Global crude oil benchmarks fell to a five year low as the investors worried that the price was kept high by speculators like hedge funds as the bet that price would turn. If that was the case, they got a reverse effect showing they don’t have much leverage on the global market. Future contracts, indicating expectations over the next month, three, six or more all dropped, with WTI and Bren sliding 4.2 percent lower even as the long positions improved. Since December 2nd, both benchmarks lost 10 percent.
Many may think the price hit a bottom so it may be a good deal to buy, but given the volatility in the market trends are hard to discern. Sharp swings are more probable to fool investors. Only in November Brent and WTI fell 18 percent, as the OPEC decided against curbing production in a bid to raise prices. This was somewhat expected as most of these countries saw there is little reason to fight shale revolution that way. This will hurt some of members fiscal sustainability.
Brent for January delivery decreased $2.88 to $66.19 a barrel in London on ICE Futures Europe exchange. This is the lowest since Sept. 29, 2009. The volume of all futures was 4.9 percent below the 100-day average. Prices were influenced by US boom that increased the domestic production most in thirty years, by wide supply coming from the OPEC and weakening global demand. All major investment banks, including Morgan Stanley, Barclays and BNP Paribas are cutting price projections. One month futures contract on WTI fell to $63.05 a barrel, lowest since summer 2009.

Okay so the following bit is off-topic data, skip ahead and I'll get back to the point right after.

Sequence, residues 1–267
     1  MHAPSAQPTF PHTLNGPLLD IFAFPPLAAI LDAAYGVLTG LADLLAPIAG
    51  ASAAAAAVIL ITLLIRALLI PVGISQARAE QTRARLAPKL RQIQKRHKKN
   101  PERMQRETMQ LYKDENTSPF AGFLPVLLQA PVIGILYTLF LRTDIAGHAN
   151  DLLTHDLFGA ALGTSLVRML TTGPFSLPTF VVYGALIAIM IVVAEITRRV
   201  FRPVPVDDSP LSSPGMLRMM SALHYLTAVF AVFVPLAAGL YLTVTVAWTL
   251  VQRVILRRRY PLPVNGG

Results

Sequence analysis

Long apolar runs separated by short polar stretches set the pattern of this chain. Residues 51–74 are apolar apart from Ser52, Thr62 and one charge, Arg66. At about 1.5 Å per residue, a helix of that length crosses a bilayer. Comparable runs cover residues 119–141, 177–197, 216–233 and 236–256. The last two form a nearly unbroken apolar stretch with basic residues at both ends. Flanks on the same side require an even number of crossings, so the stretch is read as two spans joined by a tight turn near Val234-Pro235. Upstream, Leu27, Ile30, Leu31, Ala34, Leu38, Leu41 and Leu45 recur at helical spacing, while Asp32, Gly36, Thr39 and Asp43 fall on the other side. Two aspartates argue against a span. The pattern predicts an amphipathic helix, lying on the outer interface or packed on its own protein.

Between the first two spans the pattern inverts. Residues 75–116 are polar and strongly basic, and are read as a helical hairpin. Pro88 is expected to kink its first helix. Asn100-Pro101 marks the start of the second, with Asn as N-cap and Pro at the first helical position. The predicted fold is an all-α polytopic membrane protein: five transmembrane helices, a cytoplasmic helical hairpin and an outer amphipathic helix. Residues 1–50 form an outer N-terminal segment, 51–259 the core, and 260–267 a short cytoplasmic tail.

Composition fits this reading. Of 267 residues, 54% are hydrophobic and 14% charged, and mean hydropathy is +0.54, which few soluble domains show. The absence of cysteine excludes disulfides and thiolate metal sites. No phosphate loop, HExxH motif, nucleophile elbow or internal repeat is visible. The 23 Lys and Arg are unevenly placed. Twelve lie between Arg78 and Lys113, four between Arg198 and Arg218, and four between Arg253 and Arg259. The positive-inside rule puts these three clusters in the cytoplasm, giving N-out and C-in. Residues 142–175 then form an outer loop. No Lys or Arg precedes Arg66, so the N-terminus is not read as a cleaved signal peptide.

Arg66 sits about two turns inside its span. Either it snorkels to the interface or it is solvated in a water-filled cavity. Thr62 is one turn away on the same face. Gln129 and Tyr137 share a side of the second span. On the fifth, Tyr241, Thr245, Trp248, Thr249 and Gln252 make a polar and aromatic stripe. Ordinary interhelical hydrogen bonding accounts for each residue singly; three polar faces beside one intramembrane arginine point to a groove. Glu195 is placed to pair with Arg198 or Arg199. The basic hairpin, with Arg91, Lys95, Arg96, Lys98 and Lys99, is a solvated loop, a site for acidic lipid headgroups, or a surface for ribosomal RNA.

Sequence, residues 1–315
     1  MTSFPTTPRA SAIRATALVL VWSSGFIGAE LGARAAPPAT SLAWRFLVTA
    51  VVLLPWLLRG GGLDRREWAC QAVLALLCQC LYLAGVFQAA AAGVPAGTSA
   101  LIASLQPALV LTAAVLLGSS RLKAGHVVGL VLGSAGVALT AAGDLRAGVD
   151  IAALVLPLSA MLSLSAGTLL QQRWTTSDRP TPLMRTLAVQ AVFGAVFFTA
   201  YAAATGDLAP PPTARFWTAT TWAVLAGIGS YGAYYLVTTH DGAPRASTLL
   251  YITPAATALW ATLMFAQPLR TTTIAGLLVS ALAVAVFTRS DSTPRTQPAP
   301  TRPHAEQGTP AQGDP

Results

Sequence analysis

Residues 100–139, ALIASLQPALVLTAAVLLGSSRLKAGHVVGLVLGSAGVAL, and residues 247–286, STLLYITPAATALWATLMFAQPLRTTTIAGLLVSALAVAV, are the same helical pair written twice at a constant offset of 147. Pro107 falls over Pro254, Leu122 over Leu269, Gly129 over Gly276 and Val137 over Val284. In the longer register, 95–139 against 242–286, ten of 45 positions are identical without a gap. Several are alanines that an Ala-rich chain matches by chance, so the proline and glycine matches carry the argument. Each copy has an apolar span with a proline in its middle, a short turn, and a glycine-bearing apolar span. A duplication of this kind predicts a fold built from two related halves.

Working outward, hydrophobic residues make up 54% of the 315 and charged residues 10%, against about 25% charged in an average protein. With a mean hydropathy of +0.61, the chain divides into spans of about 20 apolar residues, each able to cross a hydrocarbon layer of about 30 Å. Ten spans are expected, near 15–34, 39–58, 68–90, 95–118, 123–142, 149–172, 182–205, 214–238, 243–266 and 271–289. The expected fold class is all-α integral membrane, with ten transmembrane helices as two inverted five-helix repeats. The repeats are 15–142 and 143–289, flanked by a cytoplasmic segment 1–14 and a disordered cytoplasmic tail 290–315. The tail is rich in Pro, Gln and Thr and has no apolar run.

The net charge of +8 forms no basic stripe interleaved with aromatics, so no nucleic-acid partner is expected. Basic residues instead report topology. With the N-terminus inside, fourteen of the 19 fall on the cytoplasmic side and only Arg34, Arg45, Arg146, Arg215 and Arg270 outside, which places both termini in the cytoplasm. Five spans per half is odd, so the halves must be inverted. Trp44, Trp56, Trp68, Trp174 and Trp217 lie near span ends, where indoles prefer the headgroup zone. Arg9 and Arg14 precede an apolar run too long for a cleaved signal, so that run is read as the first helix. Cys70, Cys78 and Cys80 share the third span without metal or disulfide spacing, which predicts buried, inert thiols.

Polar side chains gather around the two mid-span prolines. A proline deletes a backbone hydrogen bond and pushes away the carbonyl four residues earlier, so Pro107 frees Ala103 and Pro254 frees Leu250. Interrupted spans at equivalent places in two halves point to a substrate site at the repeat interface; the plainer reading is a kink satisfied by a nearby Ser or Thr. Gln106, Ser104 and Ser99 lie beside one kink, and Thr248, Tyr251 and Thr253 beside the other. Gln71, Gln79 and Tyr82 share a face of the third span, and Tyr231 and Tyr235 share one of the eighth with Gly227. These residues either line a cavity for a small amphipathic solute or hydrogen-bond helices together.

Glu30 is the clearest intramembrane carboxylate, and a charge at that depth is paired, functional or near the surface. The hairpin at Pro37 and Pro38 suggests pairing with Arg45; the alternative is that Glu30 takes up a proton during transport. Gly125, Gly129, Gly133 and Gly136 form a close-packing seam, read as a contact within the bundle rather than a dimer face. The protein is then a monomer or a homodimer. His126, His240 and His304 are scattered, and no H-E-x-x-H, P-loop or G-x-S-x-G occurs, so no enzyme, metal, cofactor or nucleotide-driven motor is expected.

Hedge funds raised bullish bets on Brent crude by 31,303 contracts in the week ended Dec. 2, according to data from ICE Futures Europe. Exchange traded funds are also seeing inflows as many are thinking that the oil might recoup, unfortunately this is one of those times when fundamentals run the show so our traders should watch out here. Picking the bottom is not what you want to do here.